“The Lions House” (so called for the carved, white lions that guard its entrance) at 12th & Sidney Streets in Soulard is famous for its poltergeists – unseen spirits that move objects around in the house on a regular basis. Max Feuerbacher, owner of the Green Tree Brewery, built the house in 1874 of red brick, with twin bays in the front. He was but one of St. Louis many prosperous “beer barons”. His view of Frenchtown (Soulard’s earlier designation) and the Mississippi River from the cupola would have been marvelous.
A little further north on 12th Street at Lami Street, the marble-faced home built by Dr. Franz Arzt in 1876 continues in an almost constant state of restoration by the house’s present owners Clark Rowley and his wife. Despite the orbs that have appeared in more than one photo I’ve taken here, Clark tells me the house is not haunted although no matter how carefully they measure the floors the carpets never quite fit when they arrive. Clark Rowley maintains an excellent website for the Soulard neighborhood at: http://stlouis.missouri.org/soulard/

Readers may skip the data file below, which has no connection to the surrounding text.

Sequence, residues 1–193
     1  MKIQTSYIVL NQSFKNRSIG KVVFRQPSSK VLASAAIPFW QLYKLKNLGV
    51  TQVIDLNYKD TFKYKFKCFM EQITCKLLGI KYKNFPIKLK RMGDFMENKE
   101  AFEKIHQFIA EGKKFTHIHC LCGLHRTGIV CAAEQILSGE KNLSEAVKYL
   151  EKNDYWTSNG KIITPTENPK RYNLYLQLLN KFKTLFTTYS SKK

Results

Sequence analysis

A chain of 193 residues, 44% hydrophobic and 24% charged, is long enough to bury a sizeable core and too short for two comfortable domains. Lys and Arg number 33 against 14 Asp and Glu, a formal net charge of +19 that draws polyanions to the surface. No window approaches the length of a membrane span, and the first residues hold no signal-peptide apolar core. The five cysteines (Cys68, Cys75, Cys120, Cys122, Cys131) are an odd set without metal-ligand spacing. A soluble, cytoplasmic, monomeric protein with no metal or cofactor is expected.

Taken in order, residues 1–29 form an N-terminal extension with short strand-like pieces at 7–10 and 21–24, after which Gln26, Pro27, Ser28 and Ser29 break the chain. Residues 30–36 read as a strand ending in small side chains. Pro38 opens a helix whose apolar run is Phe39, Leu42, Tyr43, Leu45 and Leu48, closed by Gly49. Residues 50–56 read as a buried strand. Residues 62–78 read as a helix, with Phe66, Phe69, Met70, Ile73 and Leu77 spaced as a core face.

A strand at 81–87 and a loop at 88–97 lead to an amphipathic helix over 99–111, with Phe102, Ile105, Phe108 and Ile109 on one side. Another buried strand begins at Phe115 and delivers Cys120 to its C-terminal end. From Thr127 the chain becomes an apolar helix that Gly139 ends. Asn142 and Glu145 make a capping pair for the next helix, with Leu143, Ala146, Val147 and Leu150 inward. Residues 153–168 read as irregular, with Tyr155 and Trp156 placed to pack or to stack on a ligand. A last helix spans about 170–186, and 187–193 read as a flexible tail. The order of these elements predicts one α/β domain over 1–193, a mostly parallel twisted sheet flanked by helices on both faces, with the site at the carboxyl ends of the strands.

Franz Arzt was a highly regarded physician in 19th century St. Louis and a member of St. John Nepomuk Church, the first Bohemian Catholic Church in the United States. An amateur botanist, Dr. Arzt had a greenhouse which does not survive, in which he raised a rare night-blooming cereus. On the one night each year that it bloomed people crowded the garden and street nearby to watch it. The Arzt/Rowley House looks as though Chas Adams might have designed it for a cover of The New Yorker Magazine but of course the house is older than the famous cartoonist by many years. Nevertheless if Morticia Adams was to walk out the door of any house in St. Louis to pick up the morning paper it would surely be this one.
In terms of haunting appearance The Lemp Mansion and The Arzt House pale in comparison to the ruin of the old Clemens Mansion at 1849 Cass Avenue. Eliza Mullanphy Clemens died five years before her husband, James (first cousin to Sam Clemens), could build their dream house, a Palladian, Greek-Revival Villa (1858 – 1860) designed by Patrick Walsh.